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|French: bande de moebius|
The moebius strip is one of the figures studied by Lacan in his use of topology. It is a three-dimensional figure that can be formed by taking a long rectangle of paper and twisting it once before joining its ends together.
The result is a figure which subverts our normal (Euclidean) way of representing space, for it seems to have two sides but in fact has only one. Locally, at any one point, two sides can be clearly distinguished, but when the whole strip is traversed it becomes clear that they are in fact continuous.
The figure illustrates the way that psychoanalysis problematizes various binary oppositions, such as inside/outside, love/hate, signifier/signified, truth/appearance. While the two terms in such oppositions are often presented as radically distinct, Lacan prefers to understand these oppositions in terms of the topology of the moebius strip. The opposed terms are thus seen to be not discrete but continuous with each other. Likewise, the discourse of the master is continuous with the discourse of the analyst.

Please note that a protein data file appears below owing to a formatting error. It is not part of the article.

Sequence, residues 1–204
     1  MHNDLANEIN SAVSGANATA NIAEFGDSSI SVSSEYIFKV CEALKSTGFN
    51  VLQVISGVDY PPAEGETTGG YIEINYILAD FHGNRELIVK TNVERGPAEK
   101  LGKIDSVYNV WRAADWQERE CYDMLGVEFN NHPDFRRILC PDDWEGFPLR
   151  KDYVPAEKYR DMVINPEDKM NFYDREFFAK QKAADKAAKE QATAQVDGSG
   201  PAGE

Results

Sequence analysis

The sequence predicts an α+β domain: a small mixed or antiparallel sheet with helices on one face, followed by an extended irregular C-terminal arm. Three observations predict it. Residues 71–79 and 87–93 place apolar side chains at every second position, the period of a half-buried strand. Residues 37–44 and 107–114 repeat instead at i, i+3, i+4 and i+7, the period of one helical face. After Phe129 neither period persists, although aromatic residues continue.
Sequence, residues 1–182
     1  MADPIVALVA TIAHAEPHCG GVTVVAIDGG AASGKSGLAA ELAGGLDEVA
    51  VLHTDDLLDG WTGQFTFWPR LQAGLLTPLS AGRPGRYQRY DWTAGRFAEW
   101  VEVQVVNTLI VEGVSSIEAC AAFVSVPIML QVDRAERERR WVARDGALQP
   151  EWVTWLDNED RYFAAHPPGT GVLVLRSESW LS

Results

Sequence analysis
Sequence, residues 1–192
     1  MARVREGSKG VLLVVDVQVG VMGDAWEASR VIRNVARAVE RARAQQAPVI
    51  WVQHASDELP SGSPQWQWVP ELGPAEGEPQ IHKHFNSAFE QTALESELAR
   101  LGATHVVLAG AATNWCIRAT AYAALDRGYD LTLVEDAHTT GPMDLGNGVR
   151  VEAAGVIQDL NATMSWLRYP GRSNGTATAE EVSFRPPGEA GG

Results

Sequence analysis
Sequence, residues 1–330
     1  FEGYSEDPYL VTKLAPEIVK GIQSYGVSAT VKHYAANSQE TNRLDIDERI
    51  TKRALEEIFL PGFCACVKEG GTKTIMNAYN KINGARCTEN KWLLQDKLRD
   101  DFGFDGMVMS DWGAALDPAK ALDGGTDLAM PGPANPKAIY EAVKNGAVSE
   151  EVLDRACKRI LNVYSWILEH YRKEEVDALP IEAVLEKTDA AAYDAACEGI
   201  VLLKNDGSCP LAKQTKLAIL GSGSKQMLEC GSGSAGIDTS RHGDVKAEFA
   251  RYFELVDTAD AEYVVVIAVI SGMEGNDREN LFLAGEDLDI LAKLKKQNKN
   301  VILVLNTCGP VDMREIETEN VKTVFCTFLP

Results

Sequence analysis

"Traverse the Fantasy"
The moebius strip also helps one to understand how it is possible to "traverse the fantasy." It is only because the two sides are continuous that it is possible to cross over from inside to outside. Yet, when one passes a finger round the surface of the moebius strip, it is impossible to say at which precise point one has crossed over from "inside" to "outside" (or vice versa).
- Lacan, Jacques. The Seminar. Book XI. The Four Fundamental Concepts of Psychoanalysis, 1964. Trans. Alan Sheridan. London: Hogarth Press and Institute of Psycho-Analysis, 1977. p. 273